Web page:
The construction industry has gone from reeling to resounding recovery. A leading regional firm pounced on the openings.
The impact of the construction industry's labor shortage recently hit Willis A. Smith Construction in an unusual way.
It wasn't on a job, coming up short on the production side. Instead, it happened with an executive recruiter. The Sarasota-based company hired the recruiter to help it find a new senior level project manager. The recruiter found a good candidate, says Willis Smith President and CEO David Sessions. Then the recruiter promptly turned around and tried to poach one of Willis Smith's executives for a rival construction firm.
The story illustrates not only the murky ethics of the executive recruiter. It's also another example of how hot the construction market is, now going on five years in recovery mode. At Willis Smith, the industry rebound has the company on the verge of a major milestone: $100 million in annual revenue. “There's a lot more need for construction services than there has been in a long while,” Sessions says.
Sessions projects Willis Smith will hit the $100 million figure this year — more than double the $43.3 million it posted in 2011, at the depths of the downturn. The firm had $85.4 million in revenue in 2016, up 18.2% from $72.2 million in 2014. It has around 80 employees.
The $100 million mark is not only an accomplishment for Willis Smith. It's also notable in the consolidated Sarasota-Manatee construction industry, where there are few locally based builders with that kind of size. Sarasota-based Kellogg & Kimsey is one, with $80 million in sales in 2016. And University Park-based Core Construction had $110 million in revenue last year.
While Sessions, who has been with the firm since 1988, nods with pride over the milestone, he says he realizes market forces are partly responsible for the boost. “This company has never had a revenue goal,” says Sessions. “Our focus is more on taking care of our customers. We want to focus on what we're really good at.”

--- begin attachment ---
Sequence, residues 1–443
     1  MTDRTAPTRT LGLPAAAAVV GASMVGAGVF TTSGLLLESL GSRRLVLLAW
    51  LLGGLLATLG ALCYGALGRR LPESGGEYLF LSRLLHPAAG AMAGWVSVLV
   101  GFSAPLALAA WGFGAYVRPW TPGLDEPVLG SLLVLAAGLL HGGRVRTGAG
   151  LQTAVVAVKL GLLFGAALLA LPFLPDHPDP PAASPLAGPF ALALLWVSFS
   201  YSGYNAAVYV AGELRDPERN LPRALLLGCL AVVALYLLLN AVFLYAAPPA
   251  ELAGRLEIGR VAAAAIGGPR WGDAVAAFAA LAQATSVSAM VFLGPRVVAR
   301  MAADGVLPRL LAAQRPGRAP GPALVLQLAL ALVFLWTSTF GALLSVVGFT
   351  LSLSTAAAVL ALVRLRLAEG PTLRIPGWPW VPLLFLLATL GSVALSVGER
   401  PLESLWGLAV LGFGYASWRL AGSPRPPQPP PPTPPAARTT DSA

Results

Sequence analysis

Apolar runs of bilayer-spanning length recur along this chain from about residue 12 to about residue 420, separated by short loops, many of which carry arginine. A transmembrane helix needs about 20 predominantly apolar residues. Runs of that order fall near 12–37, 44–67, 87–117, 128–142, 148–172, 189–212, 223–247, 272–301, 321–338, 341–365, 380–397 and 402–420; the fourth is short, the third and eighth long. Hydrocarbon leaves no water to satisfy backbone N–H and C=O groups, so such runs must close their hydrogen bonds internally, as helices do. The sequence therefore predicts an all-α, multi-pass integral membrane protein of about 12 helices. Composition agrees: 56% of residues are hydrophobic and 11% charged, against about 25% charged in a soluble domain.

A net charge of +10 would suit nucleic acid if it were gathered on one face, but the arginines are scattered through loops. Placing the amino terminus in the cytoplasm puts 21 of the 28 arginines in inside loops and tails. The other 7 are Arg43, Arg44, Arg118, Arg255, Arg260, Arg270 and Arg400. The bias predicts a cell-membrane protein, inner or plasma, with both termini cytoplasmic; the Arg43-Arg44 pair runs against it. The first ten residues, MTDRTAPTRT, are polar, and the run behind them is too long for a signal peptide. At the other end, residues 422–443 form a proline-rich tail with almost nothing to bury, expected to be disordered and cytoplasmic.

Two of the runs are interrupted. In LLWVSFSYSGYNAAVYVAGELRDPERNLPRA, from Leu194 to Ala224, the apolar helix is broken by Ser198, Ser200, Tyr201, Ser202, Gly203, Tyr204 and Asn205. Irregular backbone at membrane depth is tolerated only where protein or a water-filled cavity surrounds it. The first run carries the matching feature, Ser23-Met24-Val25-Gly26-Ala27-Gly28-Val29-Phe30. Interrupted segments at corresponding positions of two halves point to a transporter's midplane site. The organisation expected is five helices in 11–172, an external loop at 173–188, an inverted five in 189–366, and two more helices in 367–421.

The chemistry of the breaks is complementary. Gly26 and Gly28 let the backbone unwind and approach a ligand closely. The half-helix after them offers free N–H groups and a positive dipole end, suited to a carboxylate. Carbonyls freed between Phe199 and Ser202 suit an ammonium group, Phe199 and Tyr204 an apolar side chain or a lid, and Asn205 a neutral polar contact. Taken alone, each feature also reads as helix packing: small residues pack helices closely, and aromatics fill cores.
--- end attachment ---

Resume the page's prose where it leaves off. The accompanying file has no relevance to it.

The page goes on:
The revenue figure also crystallizes Session's biggest up-at-night worry — a market correction is forthcoming.
“We are in what I would call an overheated market,” says Sessions. “I would like to see things be more steady. I'm not a pessimistic person, but I don't have a sense of optimism that things are always going to go up and up.”
Sessions speaks not only from logic that the market will turn at some point, but also experience. Revenue rose 276%, for example, from $15.4 million in 2002 to $57.9 million in 2004. A robust market, just like doing now, helped push the rise. Sessions and other Willis Smith executives also began to revamp the company's strategy in the early 2000s, to go from mostly doing public work to a broader mix of public and private projects.
“We will get into another valley,” Sessions says. “No one can perfectly predict when it will happen, but we will get into another valley.”
Willis Smith hit another milestone in 2017, celebrating its 45th anniversary. When founder Willis A. Smith launched the business, the focus was mostly building commercial and industrial facilities. One of the keys in the early days was the firm tried to remain conservative in the jobs it took, and not take on too much at any one time. “We will continue to choose our clients and projects carefully,” says Sessions. “We won't pursue any projects where we don't have the right people and capacity.”
The Willis Smith project list includes the K-12 and higher education market; churches; governments and municipal organizations; hospitals and medical facilities; and assorted other sectors. Clients over the years have included PGT Innovations and drinkware manufacturer Tervis, two of the largest employers in the region. Willis Smith has also done work for Mote Marine Laboratory, Ringling College of Art and Design and the Sarasota Opera House.
Willis Smith has been lauded, in the community and construction industry, for its work for clients. Yet one of its most notable projects of the past decade is something it did for itself, its own headquarters, in a Lakewood Ranch corporate park. The company built the 18,000-square-foot complex in 2008, a nearly $4 million project in the onset of the recession.
The project was a true green build, incorporating multiple environmentally friendly and sustainable features. That included windows made with two pieces of low-emission glass with dead air in between that reflect light back to the source and a cool roof system with solar photovoltaic panels.
The goal was to not only go green, but also use the experience as a test tube for clients. Today, the Willis Smith building is off the electrical grid, courtesy of the solar panels, while the roof collects rainwater for landscape irrigation and toilet flushing. The features added about 7% to the overall cost of construction, which Sessions says been more than made up for in the past nine years.
Another aspect of the company, says Sessions, is its efforts in retention and employee morale. There's a team of senior leaders who are ready, eventually, to take over for Sessions and Vice President John LaCivita. And there's another team of up-and-comers behind those leaders.
Sessions says the company pays well, and offers good benefits, but its retention success stems more from intangibles. “We give people a lot of responsibility,” Sessions says. “We empower people to make decisions. I think that causes a lot of people to like their jobs here.”